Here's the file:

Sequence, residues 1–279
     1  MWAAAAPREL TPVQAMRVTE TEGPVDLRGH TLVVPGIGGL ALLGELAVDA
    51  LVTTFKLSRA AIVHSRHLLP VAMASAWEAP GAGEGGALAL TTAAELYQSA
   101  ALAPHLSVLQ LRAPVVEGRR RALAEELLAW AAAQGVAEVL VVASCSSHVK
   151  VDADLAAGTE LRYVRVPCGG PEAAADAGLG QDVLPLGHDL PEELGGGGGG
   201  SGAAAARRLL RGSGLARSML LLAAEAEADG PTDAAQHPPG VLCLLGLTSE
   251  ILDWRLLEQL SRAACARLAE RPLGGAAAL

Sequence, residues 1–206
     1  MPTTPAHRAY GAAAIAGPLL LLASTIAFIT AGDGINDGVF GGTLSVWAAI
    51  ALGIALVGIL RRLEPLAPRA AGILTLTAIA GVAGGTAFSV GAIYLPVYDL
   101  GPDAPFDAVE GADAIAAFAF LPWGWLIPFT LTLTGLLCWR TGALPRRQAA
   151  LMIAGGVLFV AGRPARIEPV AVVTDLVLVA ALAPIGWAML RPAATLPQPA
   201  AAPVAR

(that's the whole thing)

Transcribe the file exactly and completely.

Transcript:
Sequence, residues 1–279
     1  MWAAAAPREL TPVQAMRVTE TEGPVDLRGH TLVVPGIGGL ALLGELAVDA
    51  LVTTFKLSRA AIVHSRHLLP VAMASAWEAP GAGEGGALAL TTAAELYQSA
   101  ALAPHLSVLQ LRAPVVEGRR RALAEELLAW AAAQGVAEVL VVASCSSHVK
   151  VDADLAAGTE LRYVRVPCGG PEAAADAGLG QDVLPLGHDL PEELGGGGGG
   201  SGAAAARRLL RGSGLARSML LLAAEAEADG PTDAAQHPPG VLCLLGLTSE
   251  ILDWRLLEQL SRAACARLAE RPLGGAAAL

Sequence, residues 1–206
     1  MPTTPAHRAY GAAAIAGPLL LLASTIAFIT AGDGINDGVF GGTLSVWAAI
    51  ALGIALVGIL RRLEPLAPRA AGILTLTAIA GVAGGTAFSV GAIYLPVYDL
   101  GPDAPFDAVE GADAIAAFAF LPWGWLIPFT LTLTGLLCWR TGALPRRQAA
   151  LMIAGGVLFV AGRPARIEPV AVVTDLVLVA ALAPIGWAML RPAATLPQPA
   201  AAPVAR